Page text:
Poetry Reading 1: Introducing “Three-Penny Memories”


I’m so grateful to you all for following the production of my debut poetry book, “Three-Penny Memories: A Poetic Memoir”. You’re the best! 

The cover reveal was yesterday! In this audio reading, I explain the cover and read the first poem, “Excavating the Heart Wall of Grief”, which is a prologue to the the memoir. 

One thing I failed to mention about the book cover image relates to the photo of me in the 1:00 position. In the audio I say that I’m in my early 30s. On that day, the English as a Second Language program was celebrating the end of the semester with our students. Those picnics were quite a big deal and took a lot of time. Faculty needed to clean the shelter and help pick up the picnic food at Schnuck’s. The picnics lasted several hours and even included entertainment and awards. The photo of me shows how lost in thought I was about how I was going to get my grades in, and this process included writing up comments on all my students. 

I have to admit that as a caregiver to an aging parent with Alzheimer’s, I was often pulled in all directions. I had a husband, and my full-time job with benefits, which we depended on. When Mom moved here, and I realized that she had needs I couldn’t meet as I couldn’t quit my job, and my husband couldn’t stop his music lessons to help her each day, I found her an apartment in a independent-living facility. I devoted a great deal of time helping her on the weekends as well as during the week for appointments. My social contacts were cut off somewhat. I tried to take her to my Tai Chi lessons, but she would wander off. I took her to work a few times, and she loved visiting with the international students, but I was distracted from my job worrying if she would take a walk somewhere. 

There were many times I felt the way my younger self felt trying to figure out how to handle this responsibility but to do so with grace and ease. If I learned anything from Mom, it was to be vigilant. She expected us older kids to watch over the four youngest ones, as as I was the oldest girl and second oldest child, I subconsciously agree to caregiving at a young age. Starting at age nine, with the birth of the twins, and a year later, the birth of the youngest, Mom needed my sister and me to help out a lot. Because my sister was two years younger, I was expected to take on more chores. Even at a young age, I was pulled by school, friends, my siblings, and my mother. “It builds character,” she would say.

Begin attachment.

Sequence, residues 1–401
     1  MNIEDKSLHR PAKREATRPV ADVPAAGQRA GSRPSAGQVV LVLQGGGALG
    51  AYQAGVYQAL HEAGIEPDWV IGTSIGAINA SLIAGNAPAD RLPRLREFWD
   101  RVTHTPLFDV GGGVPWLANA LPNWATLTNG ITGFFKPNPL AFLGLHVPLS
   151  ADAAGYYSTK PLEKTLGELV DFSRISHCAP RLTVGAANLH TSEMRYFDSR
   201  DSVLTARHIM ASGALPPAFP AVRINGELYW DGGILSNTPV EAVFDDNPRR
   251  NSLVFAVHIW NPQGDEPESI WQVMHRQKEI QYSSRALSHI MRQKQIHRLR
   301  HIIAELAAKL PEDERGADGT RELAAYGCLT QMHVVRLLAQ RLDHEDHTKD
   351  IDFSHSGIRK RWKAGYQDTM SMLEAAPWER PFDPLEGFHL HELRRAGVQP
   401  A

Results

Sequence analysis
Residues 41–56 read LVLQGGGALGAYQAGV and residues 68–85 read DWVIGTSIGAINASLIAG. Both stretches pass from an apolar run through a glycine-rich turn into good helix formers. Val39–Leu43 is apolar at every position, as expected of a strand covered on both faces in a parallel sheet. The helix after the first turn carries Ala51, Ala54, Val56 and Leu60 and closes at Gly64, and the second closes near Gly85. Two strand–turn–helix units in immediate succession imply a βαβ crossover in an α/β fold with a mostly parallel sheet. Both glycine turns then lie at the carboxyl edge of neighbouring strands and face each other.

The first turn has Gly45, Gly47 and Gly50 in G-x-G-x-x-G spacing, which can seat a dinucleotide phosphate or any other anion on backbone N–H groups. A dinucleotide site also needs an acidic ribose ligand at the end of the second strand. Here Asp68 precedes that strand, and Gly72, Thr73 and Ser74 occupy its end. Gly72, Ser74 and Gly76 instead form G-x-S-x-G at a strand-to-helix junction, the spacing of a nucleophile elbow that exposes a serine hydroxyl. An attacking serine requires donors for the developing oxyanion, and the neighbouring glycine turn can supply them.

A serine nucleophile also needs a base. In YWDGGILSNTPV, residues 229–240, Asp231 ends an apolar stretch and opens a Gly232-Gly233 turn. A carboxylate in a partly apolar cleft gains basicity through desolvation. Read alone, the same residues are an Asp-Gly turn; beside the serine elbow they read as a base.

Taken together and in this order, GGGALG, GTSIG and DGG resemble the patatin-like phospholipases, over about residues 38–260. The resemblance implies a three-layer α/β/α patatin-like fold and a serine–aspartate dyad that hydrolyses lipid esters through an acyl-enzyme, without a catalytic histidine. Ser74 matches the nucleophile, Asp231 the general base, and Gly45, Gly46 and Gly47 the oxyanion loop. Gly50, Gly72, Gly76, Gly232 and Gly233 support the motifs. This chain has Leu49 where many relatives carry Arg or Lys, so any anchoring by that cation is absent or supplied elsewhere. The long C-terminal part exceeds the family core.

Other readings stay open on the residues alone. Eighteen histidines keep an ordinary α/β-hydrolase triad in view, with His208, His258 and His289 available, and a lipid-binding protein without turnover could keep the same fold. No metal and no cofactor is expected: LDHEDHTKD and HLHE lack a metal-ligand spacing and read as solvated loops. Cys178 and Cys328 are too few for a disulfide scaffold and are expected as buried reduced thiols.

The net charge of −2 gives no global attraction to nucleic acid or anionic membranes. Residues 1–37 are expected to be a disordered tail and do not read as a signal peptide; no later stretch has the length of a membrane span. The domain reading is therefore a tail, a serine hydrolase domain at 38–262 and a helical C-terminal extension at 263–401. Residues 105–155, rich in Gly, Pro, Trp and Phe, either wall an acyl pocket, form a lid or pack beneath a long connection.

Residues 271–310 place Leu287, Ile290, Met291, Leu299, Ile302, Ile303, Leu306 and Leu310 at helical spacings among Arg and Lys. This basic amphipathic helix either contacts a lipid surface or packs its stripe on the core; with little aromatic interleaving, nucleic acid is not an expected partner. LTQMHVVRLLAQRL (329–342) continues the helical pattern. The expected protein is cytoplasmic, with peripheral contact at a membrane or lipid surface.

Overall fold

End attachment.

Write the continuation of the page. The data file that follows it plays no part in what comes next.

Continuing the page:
When Dad’s mother had a stroke, Mom took care of her. We made grandma a bedroom off the kitchen. I think a mom expected me to care for her that way. However, I couldn’t quit my job. I needed to work there until retirement to get a pension to live on. Also, even though she had the money from investments, she felt her kids should be paying her rent and so on. I explained to her that the times were different. Because of the cost of living, her kids were not able to take on her financial responsibilities and still pay their bills. To her, I may have appeared selfish and ungrateful, but I was only being practical. I was grateful she had enough investments to pay her bills. And the monthly rents at Independent and assisted living facilities are exorbitant!

Mom kept saying, “I used to take care of you. now you take care of me.”

All this is to say, I often wore that expression you see in the photo in the 1:00 spot. I’m not ashamed to say that I often felt, “It’s too much.” One of the poems in my book, “The Caregiver’s Craft” explores my self doubts during my care for my mother. Maybe I can read that poem in my audio recording next week.

For now, I hope you enjoy this first audio recording. ♥️

Three-Penny Memories Introduction: Excavating the Heart Wall of Grief

13 thoughts on “Poetry Reading 1: Introducing “Three-Penny Memories”

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  1. It was interesting to know more about the background to your book, Barbara. I do wonder if parents should expect their children to look after them in old age. I think they must do a good job as parents first in order to merit this, because ultimately the children did not ask to be born!

    Liked by 1 person

    1. Yes, good point, Ingrid! My parents retired from us kids as that one poem Hestia for Hire depicted. I think they were depressed, but it still hurt to be dismissed and ignored on visits. That abandonment was the crux of the love vs obligation theme. It was difficult to reveal that my parents were so dismissive, but “reveal to heal” became my motto.

      Liked by 2 people

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